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green@work : Magazine : Back Issues : Jul/Aug 2002 : Cover Story

Cover Story

DuPont's Pathways to Sustainability

More Cover Story Articles

- The Challenge of Sustainable Growth
- DuPont's Pathways to Sustainability
- A "Value-Added" Metric
- Four Goals


For a company to embark on a process of sustainable growth, Holliday says, its leaders and its employees have to understand two critical pieces of information. It has to know what it values and it has to know how it creates value. Here, he talks about how DuPont’s transformation for sustainable growth plays out internally.

“At DuPont, we have a very clear appreciation of both those understandings. Our founder E. I. du Pont would recognize few of the products we sell today. But he would have no trouble comprehending the values that drive us. Safety, health and environ-mental stewardship; integrity and high ethical standards; and treating people fairly and with respect have been part of the DuPont culture from the beginning.

“Every time we have changed over 200 years, the first step in the change process has been to remind ourselves what the fixed points on the compass are. Certain things are not negotiable. Those are our values.

“Another thing that 200 years of history has made very clear to us is that we also know how we create value. At DuPont, we create value with science and technology and the knowledge that goes with them.

“In the 20th century we learned how to combine physics and chemistry to create new materials such as nylon, Teflon®, Lycra® and Kevlar® that changed the way the people build, move, communicate and clothe themselves. By the 1980s it was apparent that at the molecular level the sciences of chemistry and biology were beginning to overlap, and it occurred to us that our future opportunities would be as much in biology as in chemistry. We began to develop our capability in biotechnology. We see in these sciences enormous potential for meeting human needs and for making our future world more sustainable.

“Integrating sciences is the first of three pathways that will help us to become a sustainable growth company. Consider biology and polymers. Thirty years ago when I joined DuPont, a chemical industry executive wouldn’t have said those two words in the same breath. Thirty years from now it will be hard to tell them apart. We’re beginning to discover how to use renewable crop ingredients, together with biological organisms to modify them, to make materials we couldn’t make before—or to make existing materials with reduced raw material and energy inputs.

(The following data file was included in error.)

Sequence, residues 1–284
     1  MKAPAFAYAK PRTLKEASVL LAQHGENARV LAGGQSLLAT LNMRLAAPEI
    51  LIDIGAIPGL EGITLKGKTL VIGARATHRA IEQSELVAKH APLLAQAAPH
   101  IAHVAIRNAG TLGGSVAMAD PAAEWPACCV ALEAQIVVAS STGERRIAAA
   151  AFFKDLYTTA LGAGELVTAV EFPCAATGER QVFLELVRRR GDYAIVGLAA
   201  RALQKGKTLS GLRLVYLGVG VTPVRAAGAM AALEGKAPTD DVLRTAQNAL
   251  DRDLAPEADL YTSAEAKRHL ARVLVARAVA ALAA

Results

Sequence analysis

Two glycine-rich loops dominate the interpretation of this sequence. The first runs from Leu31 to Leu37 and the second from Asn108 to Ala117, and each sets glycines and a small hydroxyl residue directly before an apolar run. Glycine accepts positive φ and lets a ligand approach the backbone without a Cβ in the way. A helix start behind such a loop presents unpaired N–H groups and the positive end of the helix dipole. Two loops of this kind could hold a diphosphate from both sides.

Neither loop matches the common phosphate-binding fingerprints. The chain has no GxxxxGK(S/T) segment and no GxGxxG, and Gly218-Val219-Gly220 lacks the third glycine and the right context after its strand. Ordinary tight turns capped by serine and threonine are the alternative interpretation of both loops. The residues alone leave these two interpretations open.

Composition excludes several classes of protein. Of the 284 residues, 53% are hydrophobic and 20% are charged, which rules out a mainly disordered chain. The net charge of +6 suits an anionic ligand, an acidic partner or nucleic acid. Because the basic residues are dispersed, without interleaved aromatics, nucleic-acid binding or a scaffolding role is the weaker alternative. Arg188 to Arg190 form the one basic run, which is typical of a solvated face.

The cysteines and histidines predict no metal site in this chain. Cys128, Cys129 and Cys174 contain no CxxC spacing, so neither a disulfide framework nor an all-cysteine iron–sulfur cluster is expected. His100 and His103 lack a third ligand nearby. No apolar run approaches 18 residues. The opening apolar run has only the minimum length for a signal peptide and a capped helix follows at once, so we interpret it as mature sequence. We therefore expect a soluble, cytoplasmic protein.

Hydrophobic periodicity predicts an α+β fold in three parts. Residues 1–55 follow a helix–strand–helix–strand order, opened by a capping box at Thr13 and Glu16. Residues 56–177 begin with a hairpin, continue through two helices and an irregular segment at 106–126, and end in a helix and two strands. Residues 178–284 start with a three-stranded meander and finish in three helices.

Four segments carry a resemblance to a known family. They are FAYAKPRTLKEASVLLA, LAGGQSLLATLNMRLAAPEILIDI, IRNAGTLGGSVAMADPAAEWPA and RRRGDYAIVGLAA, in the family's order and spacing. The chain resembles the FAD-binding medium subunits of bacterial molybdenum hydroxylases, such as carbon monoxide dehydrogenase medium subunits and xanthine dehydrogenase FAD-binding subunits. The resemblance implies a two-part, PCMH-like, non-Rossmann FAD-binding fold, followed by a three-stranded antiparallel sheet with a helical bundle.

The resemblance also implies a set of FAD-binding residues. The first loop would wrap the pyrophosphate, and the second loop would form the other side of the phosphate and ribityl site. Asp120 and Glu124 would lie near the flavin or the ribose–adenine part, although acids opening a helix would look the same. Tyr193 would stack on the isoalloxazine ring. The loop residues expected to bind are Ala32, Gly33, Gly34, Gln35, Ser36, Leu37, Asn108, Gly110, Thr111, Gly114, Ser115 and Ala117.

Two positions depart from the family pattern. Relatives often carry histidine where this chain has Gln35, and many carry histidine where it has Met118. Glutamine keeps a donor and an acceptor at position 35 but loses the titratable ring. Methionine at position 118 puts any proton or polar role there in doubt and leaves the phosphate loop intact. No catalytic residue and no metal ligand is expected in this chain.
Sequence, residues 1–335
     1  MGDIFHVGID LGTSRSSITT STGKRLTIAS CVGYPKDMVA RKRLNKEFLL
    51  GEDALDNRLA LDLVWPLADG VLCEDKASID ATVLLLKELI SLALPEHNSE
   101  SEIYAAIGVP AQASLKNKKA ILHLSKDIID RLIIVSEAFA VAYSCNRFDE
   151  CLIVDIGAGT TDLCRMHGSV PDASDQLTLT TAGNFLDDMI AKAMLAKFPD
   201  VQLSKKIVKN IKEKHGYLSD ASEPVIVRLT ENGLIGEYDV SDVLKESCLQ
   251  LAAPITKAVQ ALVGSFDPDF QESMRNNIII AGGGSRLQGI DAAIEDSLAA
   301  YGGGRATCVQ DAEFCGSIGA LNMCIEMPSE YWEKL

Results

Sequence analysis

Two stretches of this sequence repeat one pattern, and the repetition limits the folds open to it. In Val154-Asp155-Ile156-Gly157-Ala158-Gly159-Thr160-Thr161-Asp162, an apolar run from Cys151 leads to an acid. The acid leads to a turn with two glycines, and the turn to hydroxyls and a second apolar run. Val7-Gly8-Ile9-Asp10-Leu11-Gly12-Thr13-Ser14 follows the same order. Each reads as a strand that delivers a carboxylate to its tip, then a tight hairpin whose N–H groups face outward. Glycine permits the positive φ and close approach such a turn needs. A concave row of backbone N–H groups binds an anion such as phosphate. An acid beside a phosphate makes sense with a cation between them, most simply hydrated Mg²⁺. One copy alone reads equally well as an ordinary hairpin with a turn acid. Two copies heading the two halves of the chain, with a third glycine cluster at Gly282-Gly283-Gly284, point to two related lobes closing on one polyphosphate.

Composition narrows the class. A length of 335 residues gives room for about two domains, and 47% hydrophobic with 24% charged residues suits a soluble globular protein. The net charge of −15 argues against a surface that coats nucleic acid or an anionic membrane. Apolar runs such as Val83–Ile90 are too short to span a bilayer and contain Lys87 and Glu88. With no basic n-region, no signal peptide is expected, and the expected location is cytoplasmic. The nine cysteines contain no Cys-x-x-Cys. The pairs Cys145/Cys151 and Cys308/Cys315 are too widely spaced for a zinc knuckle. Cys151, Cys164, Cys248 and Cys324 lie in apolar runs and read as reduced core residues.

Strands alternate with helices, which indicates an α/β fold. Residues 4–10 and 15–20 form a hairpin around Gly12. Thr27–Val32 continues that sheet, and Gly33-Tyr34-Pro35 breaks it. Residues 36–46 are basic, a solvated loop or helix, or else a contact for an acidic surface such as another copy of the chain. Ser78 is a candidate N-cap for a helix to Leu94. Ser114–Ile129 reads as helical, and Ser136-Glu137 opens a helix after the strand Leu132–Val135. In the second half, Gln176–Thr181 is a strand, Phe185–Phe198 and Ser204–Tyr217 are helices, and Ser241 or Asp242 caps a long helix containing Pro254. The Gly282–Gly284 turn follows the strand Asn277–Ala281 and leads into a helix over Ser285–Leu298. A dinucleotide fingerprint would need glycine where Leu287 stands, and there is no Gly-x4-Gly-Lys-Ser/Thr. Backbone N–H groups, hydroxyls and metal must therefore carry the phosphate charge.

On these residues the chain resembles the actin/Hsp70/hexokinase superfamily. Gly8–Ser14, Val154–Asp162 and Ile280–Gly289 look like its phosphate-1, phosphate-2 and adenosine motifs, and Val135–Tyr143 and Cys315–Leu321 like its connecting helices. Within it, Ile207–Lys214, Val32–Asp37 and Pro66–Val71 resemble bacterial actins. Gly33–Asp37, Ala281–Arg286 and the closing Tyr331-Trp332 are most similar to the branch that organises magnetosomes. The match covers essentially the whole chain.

“Our second pathway to sustainable growth is knowledge intensity—adding more knowledge content to what we sell. For example, DuPont has entered into an agreement with simplyengineering Corp. of Ontario to provide some of our engineering know-how on the Internet. DuPont has more than 2,000 guidelines and engineering programs that encompass every facet of operating a plant. simplyengineering will host our copyrighted corporate engineering guidelines, calculations and models and make the material available on the Web site for licensing to global clients.

“DuPont is also known around the world for our leadership in work place safety. Today, this knowledge is a business trademarked as Safe Returns™ and in the last six months we have added companies totaling over 30,000 employees to the DuPont Safe Returns environment. How does this make us more sustainable? By generating more value with less “stuff” we make our company more sustainable.

“Our third strategic pathway is productivity. No company can afford not to be focused on productivity in today’s marketplace. At DuPont, we have adopted six sigma methodology. At year-end 2000, we had 1,100 black belts and 1,700 green belts working on 4,200 ongoing or completed projects. The annual run rate of our pretax benefit from projects completed and underway exceeds $1 billion.

“Nevertheless, I do not want to leave you with the impression that we have it all figured out. We are a long way from being sustainable. And because of that, I believe that it is valuable for a company to set itself stretch goals that will help take it to the next level.”

A "Value-Added" Metric -->>

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